Democratic U.S. Senate candidate John Fetterman told a packed Pennsylvania gymnasium Sunday that he will support eliminating the filibuster to protect abortion rights if elected in November, drawing a sharp contrast with Republican opponent Mehmet Oz and clearly laying out the stakes in the critical battleground with the midterms just weeks away.
"Should this decision be made by Dr. Oz?" Fetterman asked the roughly 3,000-strong and enthusiastic crowd, which replied with a forceful "no!"
"It should be left to a woman and a real doctor," said Fetterman, the lieutenant governor of Pennsylvania, one of a handful of states where Democrats hope to flip Senate seats in November. "Send me to D.C. and you will know I will be there to be that vote to scrap the filibuster and codify Roe v. Wade."
Fetterman's campaign, which is currently leading in the polls, has sought in recent weeks to highlight Oz's position on abortion, particularly in the wake of the U.S. Supreme Court's June decision overturning Roe and imperiling reproductive rights across much of the country.
That ruling has angered and galvanized people nationwide, with abortion rights groups taking coordinated legal action to protect fundamental freedoms and demanding urgent action from legislators who have thus far failed to codify abortion rights at the federal level, blocked by Republicans and right-wing Democrats. Groups in Pennsylvania say they've seen a jump in registered voters since June, many of them young women.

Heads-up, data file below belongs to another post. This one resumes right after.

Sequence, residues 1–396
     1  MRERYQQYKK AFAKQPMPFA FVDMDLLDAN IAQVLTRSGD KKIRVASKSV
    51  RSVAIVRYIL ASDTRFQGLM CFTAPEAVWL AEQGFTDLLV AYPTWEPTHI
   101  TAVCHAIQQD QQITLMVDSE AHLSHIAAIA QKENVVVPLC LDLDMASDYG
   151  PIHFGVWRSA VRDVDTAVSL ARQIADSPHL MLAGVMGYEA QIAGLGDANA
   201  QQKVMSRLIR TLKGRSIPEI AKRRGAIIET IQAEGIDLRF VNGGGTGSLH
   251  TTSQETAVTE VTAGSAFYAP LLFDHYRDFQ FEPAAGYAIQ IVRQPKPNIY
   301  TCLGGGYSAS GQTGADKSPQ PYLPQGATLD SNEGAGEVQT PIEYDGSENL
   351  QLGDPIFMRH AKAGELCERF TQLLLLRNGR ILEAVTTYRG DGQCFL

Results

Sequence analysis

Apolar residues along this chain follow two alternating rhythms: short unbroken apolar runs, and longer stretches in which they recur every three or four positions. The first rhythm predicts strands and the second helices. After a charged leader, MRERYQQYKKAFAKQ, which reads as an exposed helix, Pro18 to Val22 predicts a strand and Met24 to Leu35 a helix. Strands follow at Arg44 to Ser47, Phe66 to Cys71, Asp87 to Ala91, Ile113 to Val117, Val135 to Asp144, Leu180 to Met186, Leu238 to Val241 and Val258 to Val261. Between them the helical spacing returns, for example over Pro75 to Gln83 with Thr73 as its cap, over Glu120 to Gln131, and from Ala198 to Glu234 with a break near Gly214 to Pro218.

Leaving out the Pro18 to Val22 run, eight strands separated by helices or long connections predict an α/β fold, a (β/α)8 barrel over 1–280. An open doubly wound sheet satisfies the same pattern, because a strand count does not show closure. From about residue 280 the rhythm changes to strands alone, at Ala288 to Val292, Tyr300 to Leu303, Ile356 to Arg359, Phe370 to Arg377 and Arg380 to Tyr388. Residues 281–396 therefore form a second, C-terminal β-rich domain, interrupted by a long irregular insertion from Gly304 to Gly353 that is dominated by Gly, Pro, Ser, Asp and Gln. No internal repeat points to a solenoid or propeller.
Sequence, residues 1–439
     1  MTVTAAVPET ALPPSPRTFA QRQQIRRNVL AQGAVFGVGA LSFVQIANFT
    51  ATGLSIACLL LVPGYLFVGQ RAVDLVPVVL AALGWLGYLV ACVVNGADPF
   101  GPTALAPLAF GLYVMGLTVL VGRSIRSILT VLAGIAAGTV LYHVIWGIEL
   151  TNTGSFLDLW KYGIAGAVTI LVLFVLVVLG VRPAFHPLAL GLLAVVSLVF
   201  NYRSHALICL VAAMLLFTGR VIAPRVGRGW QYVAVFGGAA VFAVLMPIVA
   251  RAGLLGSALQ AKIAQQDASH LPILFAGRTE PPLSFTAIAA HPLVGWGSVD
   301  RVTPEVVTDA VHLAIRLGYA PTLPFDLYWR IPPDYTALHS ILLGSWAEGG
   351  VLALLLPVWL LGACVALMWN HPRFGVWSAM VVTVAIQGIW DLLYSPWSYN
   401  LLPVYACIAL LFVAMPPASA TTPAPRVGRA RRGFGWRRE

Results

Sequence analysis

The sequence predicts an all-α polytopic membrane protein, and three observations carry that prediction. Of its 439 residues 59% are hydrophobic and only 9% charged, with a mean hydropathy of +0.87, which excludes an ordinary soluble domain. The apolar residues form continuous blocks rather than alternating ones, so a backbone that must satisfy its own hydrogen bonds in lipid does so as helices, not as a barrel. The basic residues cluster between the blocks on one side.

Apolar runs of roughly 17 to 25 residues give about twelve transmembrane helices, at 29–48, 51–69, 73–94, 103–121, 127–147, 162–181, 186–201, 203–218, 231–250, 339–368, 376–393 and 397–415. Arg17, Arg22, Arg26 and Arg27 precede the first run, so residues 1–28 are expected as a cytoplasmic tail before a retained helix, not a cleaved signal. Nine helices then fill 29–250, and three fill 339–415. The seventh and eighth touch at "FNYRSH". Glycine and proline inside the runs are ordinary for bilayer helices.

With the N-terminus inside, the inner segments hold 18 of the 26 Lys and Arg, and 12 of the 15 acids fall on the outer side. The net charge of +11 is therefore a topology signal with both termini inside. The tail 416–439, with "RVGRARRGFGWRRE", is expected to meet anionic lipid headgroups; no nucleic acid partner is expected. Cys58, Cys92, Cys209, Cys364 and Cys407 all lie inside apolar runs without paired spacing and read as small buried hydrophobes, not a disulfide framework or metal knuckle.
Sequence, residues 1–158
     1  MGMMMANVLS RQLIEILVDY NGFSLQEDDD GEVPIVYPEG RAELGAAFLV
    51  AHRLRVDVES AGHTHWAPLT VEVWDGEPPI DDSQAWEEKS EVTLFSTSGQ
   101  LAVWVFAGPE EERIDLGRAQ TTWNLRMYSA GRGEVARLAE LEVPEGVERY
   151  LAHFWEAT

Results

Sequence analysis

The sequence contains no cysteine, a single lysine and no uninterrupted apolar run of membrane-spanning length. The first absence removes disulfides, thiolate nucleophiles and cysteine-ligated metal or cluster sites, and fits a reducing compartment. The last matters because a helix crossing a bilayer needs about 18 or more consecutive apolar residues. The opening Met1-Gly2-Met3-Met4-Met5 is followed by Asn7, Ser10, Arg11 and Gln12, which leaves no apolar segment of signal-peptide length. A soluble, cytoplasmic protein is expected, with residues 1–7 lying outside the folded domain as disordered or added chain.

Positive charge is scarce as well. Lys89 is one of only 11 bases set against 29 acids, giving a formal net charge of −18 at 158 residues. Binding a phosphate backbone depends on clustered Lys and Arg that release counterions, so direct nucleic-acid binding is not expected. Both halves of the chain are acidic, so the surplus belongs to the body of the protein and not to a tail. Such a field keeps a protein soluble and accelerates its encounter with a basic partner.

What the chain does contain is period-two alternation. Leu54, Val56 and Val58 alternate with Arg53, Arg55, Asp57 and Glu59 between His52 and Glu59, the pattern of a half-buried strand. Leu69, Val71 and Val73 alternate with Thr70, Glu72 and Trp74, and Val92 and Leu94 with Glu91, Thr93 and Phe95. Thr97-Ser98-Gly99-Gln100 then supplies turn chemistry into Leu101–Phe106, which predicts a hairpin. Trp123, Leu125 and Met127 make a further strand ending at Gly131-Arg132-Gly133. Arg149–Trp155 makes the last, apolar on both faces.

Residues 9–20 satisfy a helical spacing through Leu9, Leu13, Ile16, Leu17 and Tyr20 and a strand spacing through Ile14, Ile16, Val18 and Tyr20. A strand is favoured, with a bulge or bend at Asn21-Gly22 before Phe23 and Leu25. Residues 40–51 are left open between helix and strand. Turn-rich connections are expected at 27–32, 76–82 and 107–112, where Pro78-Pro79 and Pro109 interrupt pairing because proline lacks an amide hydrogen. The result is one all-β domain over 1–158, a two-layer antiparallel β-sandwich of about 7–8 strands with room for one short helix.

"Women are the reason we can win," Fetterman said during Sunday's rally at Montgomery County Community College. "Don't piss women off."
During a virtual campaign event in May, shortly before the Pennsylvania primaries, Oz characterized abortion at any stage of pregnancy as "murder." After audio of the event was published last month by The Daily Beast, Oz—an ultra-millionaire and former television personality—said he is "strongly pro-life" and only supports allowing abortion in the case of rape, incest, or life-threatening danger to the patient.
Fetterman and other speakers at Sunday's rally, including Planned Parenthood President Alexis McGill Johnson and Planned Parenthood of Southeastern Pennsylvania CEO Dayle Steinberg, condemned Oz's stance and warned his election to the U.S. Senate would further threaten abortion rights as the GOP sets its sights on a federal ban.
"Despite the Hippocratic Oath that Dr. Oz took to do no harm, he was caught calling abortion at any stage of a pregnancy 'murder,'" Steinberg said. "To hear Oz's real opinion on abortion, you need a hot mic."
McGill Johnson, for her part, called Oz a "charlatan" and said his election "would cost women their lives."
Oz, McGill Johnson added, would be a mere "rubber stamp for Mitch McConnell."